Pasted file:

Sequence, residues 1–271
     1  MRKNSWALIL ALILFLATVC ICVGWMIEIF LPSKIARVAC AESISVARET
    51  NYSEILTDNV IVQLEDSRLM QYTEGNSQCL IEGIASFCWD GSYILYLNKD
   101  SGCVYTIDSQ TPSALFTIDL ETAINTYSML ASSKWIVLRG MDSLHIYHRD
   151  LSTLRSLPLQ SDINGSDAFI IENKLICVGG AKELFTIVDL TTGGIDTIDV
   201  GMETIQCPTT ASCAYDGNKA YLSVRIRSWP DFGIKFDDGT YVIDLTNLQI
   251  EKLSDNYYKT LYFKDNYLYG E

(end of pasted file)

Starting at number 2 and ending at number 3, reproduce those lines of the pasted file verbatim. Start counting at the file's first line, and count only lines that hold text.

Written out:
     1  MRKNSWALIL ALILFLATVC ICVGWMIEIF LPSKIARVAC AESISVARET
    51  NYSEILTDNV IVQLEDSRLM QYTEGNSQCL IEGIASFCWD GSYILYLNKD